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Table of Contents    
Year : 2020  |  Volume : 68  |  Issue : 4  |  Page : 937-938

Transorbital Penetrating Brain Injury by a Knife: A Neurological Singularity

1 Department of Neurosurgery, Medical Trust Hospital, Cochin, Kerala, India
2 Department of Radiology, Medical Trust Hospital, Cochin, Kerala, India
3 Department of Anesthesia, Medical Trust Hospital, Cochin, Kerala, India

Date of Web Publication26-Aug-2020

Correspondence Address:
Dr. Harish Srinivasan
Department of Neurosurgery, Medical Trust Hospital, Cochin, Kerala; 6B City Nest Apartments, Shenoy Road, Kaloor Kathrikadavu, Ernakulam, Kochi, Kerala - 682 017
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Source of Support: None, Conflict of Interest: None

DOI: 10.4103/0028-3886.293490

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How to cite this article:
Srinivasan H, Pillay HM, Kheradia D, Theerth KA. Transorbital Penetrating Brain Injury by a Knife: A Neurological Singularity. Neurol India 2020;68:937-8

How to cite this URL:
Srinivasan H, Pillay HM, Kheradia D, Theerth KA. Transorbital Penetrating Brain Injury by a Knife: A Neurological Singularity. Neurol India [serial online] 2020 [cited 2021 May 8];68:937-8. Available from:


Penetrating brain injuries constitute about 0.4% of all head injuries.[1] They can be caused by high-velocity (HVO) or low-velocity objects (LVO). LVOs such as knives, screwdrivers, nails, etc.[2] cause tissue disruption limited to the path traversed by the object; whereas, HVOs include missiles which cause tissue cavitation and shock waves that extend the injury well beyond the tract of the penetrating objects. Although low-velocity penetrating head injuries have a lower incidence of morbidity and mortality, the impact of brain damage remains high in both types of injury.[3] The adult calvarium, in most areas, is a sturdy barrier, however, certain regions such as the squamous part of the temporal bone, skull base foramina and the orbit act as sites of weakness through which penetrating injuries mainly occur. This article elaborates on a rare case of transorbital penetrating brain injury with a wholly intact neurological scenario and the mode of evaluation and novel approach of management that allowed the patient to remain in such a state throughout the course of treatment.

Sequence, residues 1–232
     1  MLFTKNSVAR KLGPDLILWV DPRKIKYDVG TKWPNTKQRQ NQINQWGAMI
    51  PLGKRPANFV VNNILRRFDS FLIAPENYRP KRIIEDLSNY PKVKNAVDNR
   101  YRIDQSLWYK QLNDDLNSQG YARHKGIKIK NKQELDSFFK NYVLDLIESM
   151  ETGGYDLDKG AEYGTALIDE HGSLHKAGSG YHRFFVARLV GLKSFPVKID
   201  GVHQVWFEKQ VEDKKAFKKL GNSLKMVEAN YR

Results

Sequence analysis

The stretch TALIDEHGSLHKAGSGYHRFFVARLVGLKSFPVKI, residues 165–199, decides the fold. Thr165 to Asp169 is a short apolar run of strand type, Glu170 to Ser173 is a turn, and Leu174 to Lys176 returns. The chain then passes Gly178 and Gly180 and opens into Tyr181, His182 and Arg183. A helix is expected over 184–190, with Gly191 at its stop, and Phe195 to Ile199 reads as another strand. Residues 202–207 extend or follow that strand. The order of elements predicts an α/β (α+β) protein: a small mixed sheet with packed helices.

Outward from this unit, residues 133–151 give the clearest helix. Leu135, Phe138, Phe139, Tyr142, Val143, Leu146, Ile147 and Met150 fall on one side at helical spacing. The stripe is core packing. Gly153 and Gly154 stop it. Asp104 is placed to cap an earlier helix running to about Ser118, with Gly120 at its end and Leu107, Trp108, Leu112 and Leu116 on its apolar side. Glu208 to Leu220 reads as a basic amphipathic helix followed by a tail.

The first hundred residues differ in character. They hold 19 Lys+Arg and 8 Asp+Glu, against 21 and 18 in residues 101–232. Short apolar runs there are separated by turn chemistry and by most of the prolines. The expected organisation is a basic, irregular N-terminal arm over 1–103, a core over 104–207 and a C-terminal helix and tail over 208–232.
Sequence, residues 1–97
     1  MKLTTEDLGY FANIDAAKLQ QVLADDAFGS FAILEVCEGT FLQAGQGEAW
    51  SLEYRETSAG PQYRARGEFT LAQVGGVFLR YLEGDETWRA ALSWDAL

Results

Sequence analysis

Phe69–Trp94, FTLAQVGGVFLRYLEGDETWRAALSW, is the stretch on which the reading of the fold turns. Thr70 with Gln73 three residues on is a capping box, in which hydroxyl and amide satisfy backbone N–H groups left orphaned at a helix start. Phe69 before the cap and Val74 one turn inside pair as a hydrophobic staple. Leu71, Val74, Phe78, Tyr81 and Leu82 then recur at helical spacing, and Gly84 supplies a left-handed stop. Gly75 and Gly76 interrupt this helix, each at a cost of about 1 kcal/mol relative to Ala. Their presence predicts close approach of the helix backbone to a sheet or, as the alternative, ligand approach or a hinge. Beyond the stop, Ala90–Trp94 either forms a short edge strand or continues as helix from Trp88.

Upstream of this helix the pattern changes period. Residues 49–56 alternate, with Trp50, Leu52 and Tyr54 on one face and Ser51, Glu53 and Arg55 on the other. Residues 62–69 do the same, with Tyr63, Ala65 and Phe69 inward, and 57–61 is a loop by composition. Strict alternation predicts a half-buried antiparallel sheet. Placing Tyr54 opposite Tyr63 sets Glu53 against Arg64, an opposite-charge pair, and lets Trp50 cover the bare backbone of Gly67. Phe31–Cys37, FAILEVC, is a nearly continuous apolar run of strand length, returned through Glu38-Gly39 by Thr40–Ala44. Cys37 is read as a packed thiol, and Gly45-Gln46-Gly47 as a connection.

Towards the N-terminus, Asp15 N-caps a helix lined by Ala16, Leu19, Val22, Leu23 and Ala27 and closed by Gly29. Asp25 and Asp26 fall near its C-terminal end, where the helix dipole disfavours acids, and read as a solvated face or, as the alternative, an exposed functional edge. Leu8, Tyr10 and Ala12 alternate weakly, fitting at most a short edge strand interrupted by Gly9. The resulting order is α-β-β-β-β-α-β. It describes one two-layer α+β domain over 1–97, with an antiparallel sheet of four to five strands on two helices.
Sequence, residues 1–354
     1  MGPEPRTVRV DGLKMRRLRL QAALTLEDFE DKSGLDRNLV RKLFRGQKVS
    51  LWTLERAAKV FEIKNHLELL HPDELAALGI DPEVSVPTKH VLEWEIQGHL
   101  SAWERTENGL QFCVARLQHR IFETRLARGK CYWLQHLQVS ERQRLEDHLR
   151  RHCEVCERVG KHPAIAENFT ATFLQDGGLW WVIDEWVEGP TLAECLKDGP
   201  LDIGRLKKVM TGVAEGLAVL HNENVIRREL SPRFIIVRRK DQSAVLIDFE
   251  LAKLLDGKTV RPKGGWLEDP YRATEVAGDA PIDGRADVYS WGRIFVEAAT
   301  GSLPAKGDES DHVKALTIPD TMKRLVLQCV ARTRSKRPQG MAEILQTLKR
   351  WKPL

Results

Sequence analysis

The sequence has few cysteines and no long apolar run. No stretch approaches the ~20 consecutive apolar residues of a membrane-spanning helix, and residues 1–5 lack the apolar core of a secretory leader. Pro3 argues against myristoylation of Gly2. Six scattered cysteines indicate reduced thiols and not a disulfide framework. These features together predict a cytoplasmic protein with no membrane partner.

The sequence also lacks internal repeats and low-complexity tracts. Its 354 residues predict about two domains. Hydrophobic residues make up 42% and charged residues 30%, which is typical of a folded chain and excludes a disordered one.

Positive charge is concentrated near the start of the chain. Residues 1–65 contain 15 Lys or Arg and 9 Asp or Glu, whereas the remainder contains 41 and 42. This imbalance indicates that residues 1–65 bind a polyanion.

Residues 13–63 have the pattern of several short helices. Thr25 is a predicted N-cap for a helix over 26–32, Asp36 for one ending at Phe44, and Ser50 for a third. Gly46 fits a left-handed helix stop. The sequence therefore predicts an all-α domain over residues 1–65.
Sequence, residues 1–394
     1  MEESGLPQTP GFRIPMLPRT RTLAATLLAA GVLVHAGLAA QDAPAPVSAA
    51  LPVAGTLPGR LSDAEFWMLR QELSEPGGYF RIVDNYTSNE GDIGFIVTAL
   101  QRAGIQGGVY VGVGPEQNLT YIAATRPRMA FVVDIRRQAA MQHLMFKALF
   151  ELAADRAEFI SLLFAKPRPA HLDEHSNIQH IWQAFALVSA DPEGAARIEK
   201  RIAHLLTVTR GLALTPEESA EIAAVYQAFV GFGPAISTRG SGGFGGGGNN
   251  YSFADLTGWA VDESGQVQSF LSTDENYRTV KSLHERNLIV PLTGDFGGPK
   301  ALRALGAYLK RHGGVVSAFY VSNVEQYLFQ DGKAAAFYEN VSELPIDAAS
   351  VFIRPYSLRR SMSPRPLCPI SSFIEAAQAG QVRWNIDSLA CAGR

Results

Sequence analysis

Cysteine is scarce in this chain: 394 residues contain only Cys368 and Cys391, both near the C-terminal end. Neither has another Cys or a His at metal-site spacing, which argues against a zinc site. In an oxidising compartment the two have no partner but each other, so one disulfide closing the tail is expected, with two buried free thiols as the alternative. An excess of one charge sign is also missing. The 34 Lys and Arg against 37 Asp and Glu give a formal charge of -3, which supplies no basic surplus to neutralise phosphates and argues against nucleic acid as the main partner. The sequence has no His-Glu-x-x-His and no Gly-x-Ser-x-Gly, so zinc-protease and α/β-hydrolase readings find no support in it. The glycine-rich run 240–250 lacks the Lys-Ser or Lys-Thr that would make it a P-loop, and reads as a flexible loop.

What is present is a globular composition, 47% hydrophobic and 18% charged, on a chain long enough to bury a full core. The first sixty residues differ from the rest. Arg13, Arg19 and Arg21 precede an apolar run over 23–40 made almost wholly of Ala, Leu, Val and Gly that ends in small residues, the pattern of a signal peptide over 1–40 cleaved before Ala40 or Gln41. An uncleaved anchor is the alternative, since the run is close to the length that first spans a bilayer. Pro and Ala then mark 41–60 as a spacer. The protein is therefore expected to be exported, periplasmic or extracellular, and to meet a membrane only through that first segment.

A 31-year-old gentleman presented to our hospital with a stab injury. In history, the patient was allegedly stabbed with a knife in the left eye. On examination, the patient was fully conscious, had a Glasgow Coma Scale of 15/15, pupils were bilaterally equal and reacting to light with intact vision. A lacerated wound was present on the medial aspect of the left orbit through which the knife was passing. The rest of the neurological examination was normal.

The immediate radiological examination helps in determining the extent of the injury, location of the penetrating object, and the need for surgical intervention.[3] Our patient was evaluated with computed tomography (CT) scan, which showed the knife piercing through the left medial orbital wall, with the body of knife passing through the ethmoid and sphenoid sinuses [Figure 1] and right frontal contusions. Further evaluation with digital subtraction angiography (DSA) showed that the knife was embracing the anterior communicating artery complex (ACOM complex) and A1 segment of the right anterior cerebral artery (ACA) with no vascular injury [Figure 2].
Figure 1: Computed tomography (CT) image showing the path of penetrating knife and evidence of right frontal contusions

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Figure 2: Pre-procedure angiogram showing the location of the knife with its proximity to the anterior communicating artery complex (ACOM). The black arrow shows the position of the non-inflated balloon catheter within the ACOM